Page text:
Long-promised Ontario Online Institute still far from launch

TheStar.om – news/education
Published On Sun Jan 29 2012.   Louise Brown, Education Reporter

The Ontario government’s plan for a sleek new system of online higher learning that would help students mix and match online credits and train profs to design better web-based courses appears to have stalled nearly two years after it was unveiled.

The Ontario Online Institute was announced by the McGuinty government in the 2010 Speech from the Throne and cited again in a speech by MPP John Milloy last May, when it also was touted on a government website as coming “in late summer 2011.”

But it still hasn’t materialized, despite a 150-page feasibility report delivered to Queen’s Park last spring.

A ministry spokesperson said it has been neither shelved, nor given the go-ahead.

“We’re putting an awful lot of work into looking into the best way to move forward; there may be ways that we can do more, but I can’t say any more,” said Heather Wright, director of communications for the ministry of training, colleges and universities.

While there has been no announcement as to why the institute did not launch last summer, MPP Glen Murray, the new minister of training, colleges and universities, has mused publicly that one of the government’s promised three new Ontario campuses might be “online.”

But students are “disappointed at the lack of progress on this project almost two years after it was announced,” said Sam Andrey, president of the Ontario Undergraduate Students’ Alliance.

“We know demand is going up — there were 495,000 online course registrations in a year in Ontario — and we were excited at the opportunity to see Ontario take it to the next level, remove some of the barriers and take steps to improve quality,” said Andrey, whose organization represents about 150,000 of the province’s 400,000 undergraduates.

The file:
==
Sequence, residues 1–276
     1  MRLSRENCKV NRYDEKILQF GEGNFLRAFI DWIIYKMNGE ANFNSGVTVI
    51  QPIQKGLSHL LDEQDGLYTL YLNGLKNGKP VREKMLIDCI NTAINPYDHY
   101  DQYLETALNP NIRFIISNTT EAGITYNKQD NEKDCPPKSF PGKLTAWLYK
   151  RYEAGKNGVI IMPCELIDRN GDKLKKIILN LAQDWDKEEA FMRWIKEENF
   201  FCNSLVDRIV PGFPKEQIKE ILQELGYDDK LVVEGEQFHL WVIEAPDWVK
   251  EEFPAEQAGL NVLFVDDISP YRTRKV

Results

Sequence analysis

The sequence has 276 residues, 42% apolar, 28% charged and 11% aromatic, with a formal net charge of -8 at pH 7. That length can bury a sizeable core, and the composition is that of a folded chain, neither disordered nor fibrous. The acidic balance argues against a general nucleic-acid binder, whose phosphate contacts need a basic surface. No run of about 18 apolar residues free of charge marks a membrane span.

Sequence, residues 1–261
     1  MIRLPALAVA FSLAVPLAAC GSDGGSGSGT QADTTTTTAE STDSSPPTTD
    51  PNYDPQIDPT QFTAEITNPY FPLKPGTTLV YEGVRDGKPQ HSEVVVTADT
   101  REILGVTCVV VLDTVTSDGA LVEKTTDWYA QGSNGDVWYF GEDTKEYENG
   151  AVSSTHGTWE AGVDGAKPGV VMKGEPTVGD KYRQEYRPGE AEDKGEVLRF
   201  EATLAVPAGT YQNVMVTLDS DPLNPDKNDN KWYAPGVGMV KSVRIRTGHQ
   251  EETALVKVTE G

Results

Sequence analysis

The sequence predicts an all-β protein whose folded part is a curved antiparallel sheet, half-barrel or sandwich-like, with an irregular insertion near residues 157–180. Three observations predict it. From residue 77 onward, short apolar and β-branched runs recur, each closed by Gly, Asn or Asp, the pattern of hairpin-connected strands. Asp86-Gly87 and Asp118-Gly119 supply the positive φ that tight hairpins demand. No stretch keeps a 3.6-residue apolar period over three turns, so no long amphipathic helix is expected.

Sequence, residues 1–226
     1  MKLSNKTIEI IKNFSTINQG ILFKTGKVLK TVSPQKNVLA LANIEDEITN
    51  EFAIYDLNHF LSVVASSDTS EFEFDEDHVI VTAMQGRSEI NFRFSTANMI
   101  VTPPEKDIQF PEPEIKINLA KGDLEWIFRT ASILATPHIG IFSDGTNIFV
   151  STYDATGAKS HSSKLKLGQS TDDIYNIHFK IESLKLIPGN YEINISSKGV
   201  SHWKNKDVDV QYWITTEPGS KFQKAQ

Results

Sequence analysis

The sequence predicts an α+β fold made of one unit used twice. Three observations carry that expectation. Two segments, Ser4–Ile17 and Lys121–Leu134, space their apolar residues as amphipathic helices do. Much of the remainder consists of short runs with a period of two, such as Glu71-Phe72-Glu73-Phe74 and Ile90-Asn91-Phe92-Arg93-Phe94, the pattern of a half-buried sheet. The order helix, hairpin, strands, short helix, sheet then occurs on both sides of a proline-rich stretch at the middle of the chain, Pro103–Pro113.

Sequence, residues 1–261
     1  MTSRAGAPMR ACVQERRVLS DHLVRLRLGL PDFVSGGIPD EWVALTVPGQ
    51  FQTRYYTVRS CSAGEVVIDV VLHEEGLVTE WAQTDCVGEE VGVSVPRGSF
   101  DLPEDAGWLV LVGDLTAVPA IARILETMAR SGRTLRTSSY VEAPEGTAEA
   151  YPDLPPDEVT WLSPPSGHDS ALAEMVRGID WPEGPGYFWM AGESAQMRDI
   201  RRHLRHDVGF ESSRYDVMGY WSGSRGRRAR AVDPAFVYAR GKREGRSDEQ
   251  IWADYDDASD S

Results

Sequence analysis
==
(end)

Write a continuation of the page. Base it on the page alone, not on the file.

The Canadian Federation of Students, Ontario, said it was surprised the institute did not launch last fall to serve the growing number of students who “often need a course for their program that isn’t offered at their institution, so they turn to online courses for that flexibility,” said president Sandy Hudson.

Neither group wants the province to create an actual online university; they would prefer a “portal” to serve as a clearinghouse for the often confusing myriad of online courses now offered by colleges and universities — a place where students could do one-stop shopping to find the course they need.

A two-month feasibility study commissioned by Queen’s Park by Maxim Jean-Louis, chief executive officer of the Contact North distance learning network, noted that in 2008-2009 there were more than 20,843 courses and 787 programs offered online in Ontario. Online course registrations constituted 11 per cent of all post-secondary course registrations in colleges and universities in 2010, the report said; a total of 495,716 registrations.

“If Ontario is to achieve the ambitious target of a 70 per cent post-secondary attainment rate for its workforce, an Ontario Online Institute should target underserved groups: aboriginal students, first-generation learners, new Canadians, people with disabilities and students in small, rural and remote areas of the province,” said the report, which suggested the government earmark about $7 million a year on the project.

“It is still difficult for a student in an Ontario college or university to take online courses from other institutions, either outside or inside the province, and count these credits towards their degree at their home institution,” noted Jean-Louis. “This is a particular challenge for students wishing to take online courses, especially lifelong learners, who often want to ‘mix and match’ courses from different institutions.

“This partly explains why more than 40 per cent of Alberta’s (completely online) Athabasca University students come from Ontario.”

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